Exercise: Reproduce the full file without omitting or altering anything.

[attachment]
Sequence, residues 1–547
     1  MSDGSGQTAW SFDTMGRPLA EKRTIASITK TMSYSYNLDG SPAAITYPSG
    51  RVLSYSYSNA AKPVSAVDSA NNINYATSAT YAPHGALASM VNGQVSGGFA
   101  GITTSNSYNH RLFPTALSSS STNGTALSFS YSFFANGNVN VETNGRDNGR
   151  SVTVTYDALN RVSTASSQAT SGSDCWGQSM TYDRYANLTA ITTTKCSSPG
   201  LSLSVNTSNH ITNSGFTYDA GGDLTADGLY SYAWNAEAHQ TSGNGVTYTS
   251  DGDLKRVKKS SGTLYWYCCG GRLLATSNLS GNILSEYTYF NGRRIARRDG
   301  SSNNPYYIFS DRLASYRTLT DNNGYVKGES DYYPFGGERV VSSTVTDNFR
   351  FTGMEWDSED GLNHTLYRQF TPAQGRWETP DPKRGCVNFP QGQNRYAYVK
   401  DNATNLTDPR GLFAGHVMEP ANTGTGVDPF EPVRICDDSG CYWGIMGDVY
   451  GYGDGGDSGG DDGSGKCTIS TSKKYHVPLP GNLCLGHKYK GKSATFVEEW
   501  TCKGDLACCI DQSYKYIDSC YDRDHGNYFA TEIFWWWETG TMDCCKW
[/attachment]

Sequence, residues 1–547
     1  MSDGSGQTAW SFDTMGRPLA EKRTIASITK TMSYSYNLDG SPAAITYPSG
    51  RVLSYSYSNA AKPVSAVDSA NNINYATSAT YAPHGALASM VNGQVSGGFA
   101  GITTSNSYNH RLFPTALSSS STNGTALSFS YSFFANGNVN VETNGRDNGR
   151  SVTVTYDALN RVSTASSQAT SGSDCWGQSM TYDRYANLTA ITTTKCSSPG
   201  LSLSVNTSNH ITNSGFTYDA GGDLTADGLY SYAWNAEAHQ TSGNGVTYTS
   251  DGDLKRVKKS SGTLYWYCCG GRLLATSNLS GNILSEYTYF NGRRIARRDG
   301  SSNNPYYIFS DRLASYRTLT DNNGYVKGES DYYPFGGERV VSSTVTDNFR
   351  FTGMEWDSED GLNHTLYRQF TPAQGRWETP DPKRGCVNFP QGQNRYAYVK
   401  DNATNLTDPR GLFAGHVMEP ANTGTGVDPF EPVRICDDSG CYWGIMGDVY
   451  GYGDGGDSGG DDGSGKCTIS TSKKYHVPLP GNLCLGHKYK GKSATFVEEW
   501  TCKGDLACCI DQSYKYIDSC YDRDHGNYFA TEIFWWWETG TMDCCKW